Date: 3/31/17 2:00 pm
From: Wayne Hoffman <whoffman...>
Subject: [obol] Re: An observation on gulls
Interesting thoughts, Lars - 

I'll try to keep these responses brief.

1.  you are correct that when 2 populations increase and then overlap (or overlap more) there can be an increase in hybridization.  Subsequent history can follow any of 5 general patterns:  a)  One replaces the other, ala Blue-winged Warbler.  This seems to be happening on a smaller and slower scale with Townsend's and Hermit Warblers.  b)  Hybrids can proliferate and the zone of hybridization spread out into both parental populations, as in Northern Flickers.  c)  If hybrids are selected against, isolating mechanisms can evolve to reduce mixed matings, as apparently is the case with Baltimore and Bullock's orioles, and new research suggests may be happening with Myrtle and Audubon's warblers. d)  an apparently stable hybrid zone can be established with little genetic interchange back into the parental populations  The overlap between Tufted and Black-crested titmice in Texas is an example..  e)  The size and location of such a hybrid zone, and frequency of hybridization can oscillate through time, in response to changes in climate, food supply, predation rates, etc.  Douglas Bell. who studied Western and Glucous-winged gulls in the 1990s concluded this was happening, and that we are in a presumably temporary expansion phase.
2.  Western and Glaucous-winged gulls differ a bit in ecology and behavior, including habitat preferences, migratory behavior and food habits.  As a result, the relative numbers of them and of "Olympic" Gulls in any one place outside the breeding season are going to be biased samples that do not represent their actual abundances.  Western Gulls are more closely tied to the coast.  Although a few can be found in the Willamette Valley, a much smaller proportion of the population goes inland than for the other 2 categories.  if you go offshore in winter, you can see very large numbers of Glaucous-winged gulls, and a higher percentage appear "pure" than onshore.  Western Gulls do range offshore too, but generally not as far and in smaller numbers.  "Olympics"  tend to be most common onshore and inland, and thus they can seem more abundant gthat they really are overall.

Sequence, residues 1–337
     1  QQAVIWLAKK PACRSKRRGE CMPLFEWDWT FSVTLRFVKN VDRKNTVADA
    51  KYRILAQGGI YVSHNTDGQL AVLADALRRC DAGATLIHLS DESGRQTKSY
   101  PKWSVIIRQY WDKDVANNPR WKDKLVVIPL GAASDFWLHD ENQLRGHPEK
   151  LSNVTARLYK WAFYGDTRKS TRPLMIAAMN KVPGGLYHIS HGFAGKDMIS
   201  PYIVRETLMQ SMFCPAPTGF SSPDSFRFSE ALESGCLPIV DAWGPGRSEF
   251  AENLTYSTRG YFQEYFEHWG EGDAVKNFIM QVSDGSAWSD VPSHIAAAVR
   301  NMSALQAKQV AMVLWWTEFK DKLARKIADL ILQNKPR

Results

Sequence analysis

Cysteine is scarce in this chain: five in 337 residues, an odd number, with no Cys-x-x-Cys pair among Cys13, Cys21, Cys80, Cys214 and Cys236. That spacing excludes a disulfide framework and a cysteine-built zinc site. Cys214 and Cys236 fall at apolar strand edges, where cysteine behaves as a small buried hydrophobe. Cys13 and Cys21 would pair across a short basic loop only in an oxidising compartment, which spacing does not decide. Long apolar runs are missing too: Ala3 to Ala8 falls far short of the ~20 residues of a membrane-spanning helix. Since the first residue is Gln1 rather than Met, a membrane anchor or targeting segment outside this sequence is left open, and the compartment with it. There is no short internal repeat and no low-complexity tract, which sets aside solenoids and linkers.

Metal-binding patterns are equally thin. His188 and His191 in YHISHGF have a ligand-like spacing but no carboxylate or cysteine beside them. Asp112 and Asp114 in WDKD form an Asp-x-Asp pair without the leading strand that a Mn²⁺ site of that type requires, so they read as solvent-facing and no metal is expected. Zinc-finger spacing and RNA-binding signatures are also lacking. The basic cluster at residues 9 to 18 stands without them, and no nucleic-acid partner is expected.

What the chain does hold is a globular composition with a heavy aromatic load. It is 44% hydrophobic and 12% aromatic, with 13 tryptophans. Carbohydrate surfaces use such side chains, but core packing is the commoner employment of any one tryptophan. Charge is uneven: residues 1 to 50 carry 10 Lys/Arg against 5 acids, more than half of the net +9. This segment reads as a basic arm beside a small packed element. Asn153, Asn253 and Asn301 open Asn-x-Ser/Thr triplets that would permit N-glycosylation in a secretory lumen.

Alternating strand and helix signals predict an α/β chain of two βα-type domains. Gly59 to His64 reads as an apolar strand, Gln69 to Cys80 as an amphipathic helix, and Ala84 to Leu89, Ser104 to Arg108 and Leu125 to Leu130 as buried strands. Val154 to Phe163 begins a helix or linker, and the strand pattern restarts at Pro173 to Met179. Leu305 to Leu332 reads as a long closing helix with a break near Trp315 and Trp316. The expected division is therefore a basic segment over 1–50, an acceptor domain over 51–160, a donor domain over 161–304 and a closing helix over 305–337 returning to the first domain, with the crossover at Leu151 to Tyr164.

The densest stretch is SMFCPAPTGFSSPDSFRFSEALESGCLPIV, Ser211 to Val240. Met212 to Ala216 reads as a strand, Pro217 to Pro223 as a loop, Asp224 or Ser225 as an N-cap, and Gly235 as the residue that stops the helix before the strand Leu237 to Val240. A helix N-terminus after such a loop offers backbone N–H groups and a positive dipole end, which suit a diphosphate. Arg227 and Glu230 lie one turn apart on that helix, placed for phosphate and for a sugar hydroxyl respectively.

On 3/31/2017 12:30:52 PM, Lars Per Norgren <larspernorgren...> wrote:
DNA studies quite awhile ago showed that Western Gulls are not closely related to Glaucous-winged Gulls. Glaucous-winged Gulls are part of the Herring Gull super-species, along with California Gulls. The over-all trend among taxonimists from 1970 to present has been splitting of white-headed gulls, most of them in the Herring Gull group and often harder for humans to distinguish than the Thayer's. The classic hybrid scenario is for an expanding species to mate with the more abundant sibling species until a critical mass is reached, at which point the pioneer species goes back to its own kind. This was the case with Yellow-legged Gulls that moved into the Netherlands. They mated frequently with Herring Gulls at first. Now they have plenty of other Yellow-legged Gulls to keep company with. In Iceland the Herring Gulls on the east end of the island mated with Glaucous Gulls until now the eastern colonies have only Herring Gulls.